Why conspiracy theories are so attractive
Scientists believe that belief in a conspiracy theory may be a side effect of some of the mental features that allowed us to survive in the distant past. One of these features is the tendency to look for patterns in everything around us. It is still vividly manifested in visual illusions (pareidolias) when we see the outlines of faces in the clouds or patterns on the wallpaper.Once this skill saved the lives of our ancestors: those survived who were able to notice in time the slightest signs of impending disaster - say, the approach of the enemy.
Experience has shown that "it is better to overdo it than not to miss it" - and such peculiarities of perception were entrenched in people for a long time. However, modern man deals with huge amounts of information every day - something his cautious ancestor could not have imagined. Therefore, perception can malfunction and look for connections where there are none. This is how many conspiracy theories work, based on a logical fallacy known as "after does not mean due": for example, the idea that vaccines can cause autism.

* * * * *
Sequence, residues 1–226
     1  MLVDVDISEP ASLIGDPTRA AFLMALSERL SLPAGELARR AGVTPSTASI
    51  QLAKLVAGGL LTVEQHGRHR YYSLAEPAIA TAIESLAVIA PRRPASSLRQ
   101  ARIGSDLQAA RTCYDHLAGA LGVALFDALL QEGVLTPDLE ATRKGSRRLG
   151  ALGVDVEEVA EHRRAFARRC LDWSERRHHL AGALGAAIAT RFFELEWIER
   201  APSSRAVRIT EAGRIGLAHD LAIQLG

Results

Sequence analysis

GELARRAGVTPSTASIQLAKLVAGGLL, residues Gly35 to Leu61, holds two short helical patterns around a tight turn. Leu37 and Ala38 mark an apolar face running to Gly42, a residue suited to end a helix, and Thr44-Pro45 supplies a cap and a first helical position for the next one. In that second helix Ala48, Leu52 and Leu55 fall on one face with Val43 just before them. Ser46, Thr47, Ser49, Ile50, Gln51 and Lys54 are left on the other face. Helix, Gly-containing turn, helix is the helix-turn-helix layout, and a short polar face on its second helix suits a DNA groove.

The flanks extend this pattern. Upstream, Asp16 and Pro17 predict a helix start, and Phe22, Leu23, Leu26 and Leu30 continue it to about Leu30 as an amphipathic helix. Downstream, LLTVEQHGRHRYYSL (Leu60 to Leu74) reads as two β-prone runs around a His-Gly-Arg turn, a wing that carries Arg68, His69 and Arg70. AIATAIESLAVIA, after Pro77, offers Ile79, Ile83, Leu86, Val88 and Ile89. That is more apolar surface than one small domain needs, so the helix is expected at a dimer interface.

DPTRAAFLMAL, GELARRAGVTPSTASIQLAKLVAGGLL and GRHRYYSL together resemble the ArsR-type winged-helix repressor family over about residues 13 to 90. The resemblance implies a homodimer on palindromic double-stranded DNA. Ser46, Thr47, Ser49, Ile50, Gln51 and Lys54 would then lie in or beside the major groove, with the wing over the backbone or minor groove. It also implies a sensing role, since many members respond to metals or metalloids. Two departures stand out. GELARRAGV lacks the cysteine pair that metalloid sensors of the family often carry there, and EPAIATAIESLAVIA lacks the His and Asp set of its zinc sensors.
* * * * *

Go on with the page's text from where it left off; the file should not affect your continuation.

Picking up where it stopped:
Another reason for the popularity of conspiracy theories is the distortion of proportionality. This is a feature of perception, by virtue of which we believe that global causes are invariably behind important events, and not the actions of individuals or a chain of accidents. The distortion of proportionality is clearly visible in theories according to which some events were rigged by real politicians or fictitious "world government".
For example, this theory grew around the 2012 Sandy Hook Primary School massacre. The Connecticut attorney, after examining the case, concluded that the murderer of 20 children and seven adults (including his own mother) planned the crime alone. However, one of the conspiracy theories surrounding the event states that there was no shooting at the school at all: allegedly, all reports, photographs and testimonies of witnesses were falsified by the American government in order to tighten control over the owners of the weapons.
Confirmation bias (confirmation bias) leads many to believe in conspiracy theories: people give more weight to evidence that confirms what they already believe. This distortion is sometimes combined with collective pressure. If a person's loved ones adhere to certain ideas, he may share them, even if deep down he does not quite agree. We do so so as not to jeopardize our relationships with family and not harm our status in society.
In addition, it is known that belief in conspiracy theories gives a person a sense of their own significance and uniqueness. A supporter of this concept believes that he has secret knowledge inaccessible to others. In 2016, British psychologists found that conspiracy theories are especially attractive to people who are prone to manifestations of narcissism.